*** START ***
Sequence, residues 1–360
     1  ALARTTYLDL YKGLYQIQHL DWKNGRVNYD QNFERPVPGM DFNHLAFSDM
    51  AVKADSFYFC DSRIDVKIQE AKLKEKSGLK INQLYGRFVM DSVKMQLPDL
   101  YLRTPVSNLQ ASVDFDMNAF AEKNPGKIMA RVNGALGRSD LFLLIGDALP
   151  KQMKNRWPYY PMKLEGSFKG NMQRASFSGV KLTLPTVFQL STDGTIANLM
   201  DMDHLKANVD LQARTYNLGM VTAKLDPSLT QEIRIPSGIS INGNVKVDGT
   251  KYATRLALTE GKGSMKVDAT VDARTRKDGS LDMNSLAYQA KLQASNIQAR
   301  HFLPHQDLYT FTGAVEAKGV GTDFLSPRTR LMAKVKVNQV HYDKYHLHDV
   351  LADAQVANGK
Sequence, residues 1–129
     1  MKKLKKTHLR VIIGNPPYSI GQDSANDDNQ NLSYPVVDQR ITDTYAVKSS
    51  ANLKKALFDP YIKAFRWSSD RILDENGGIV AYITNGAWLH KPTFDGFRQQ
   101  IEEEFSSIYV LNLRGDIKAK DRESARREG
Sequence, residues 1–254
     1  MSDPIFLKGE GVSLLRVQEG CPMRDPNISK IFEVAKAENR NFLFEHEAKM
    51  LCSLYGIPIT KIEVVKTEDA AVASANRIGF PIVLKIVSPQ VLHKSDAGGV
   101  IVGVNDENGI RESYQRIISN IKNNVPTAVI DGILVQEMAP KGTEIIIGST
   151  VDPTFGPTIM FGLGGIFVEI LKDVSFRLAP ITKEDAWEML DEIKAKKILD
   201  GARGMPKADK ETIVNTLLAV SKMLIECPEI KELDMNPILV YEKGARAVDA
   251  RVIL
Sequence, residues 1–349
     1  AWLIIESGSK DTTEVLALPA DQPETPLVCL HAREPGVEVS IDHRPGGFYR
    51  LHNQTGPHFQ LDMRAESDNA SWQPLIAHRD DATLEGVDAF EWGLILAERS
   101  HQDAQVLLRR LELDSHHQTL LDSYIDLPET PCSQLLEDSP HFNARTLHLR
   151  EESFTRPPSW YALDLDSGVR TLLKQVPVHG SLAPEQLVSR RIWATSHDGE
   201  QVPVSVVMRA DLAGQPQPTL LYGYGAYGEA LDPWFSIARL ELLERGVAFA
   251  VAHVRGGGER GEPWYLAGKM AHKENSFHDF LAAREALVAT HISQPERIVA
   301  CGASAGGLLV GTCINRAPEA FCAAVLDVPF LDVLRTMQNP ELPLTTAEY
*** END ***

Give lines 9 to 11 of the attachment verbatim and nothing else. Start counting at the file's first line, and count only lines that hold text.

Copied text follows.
   351  LADAQVANGK
Sequence, residues 1–129
     1  MKKLKKTHLR VIIGNPPYSI GQDSANDDNQ NLSYPVVDQR ITDTYAVKSS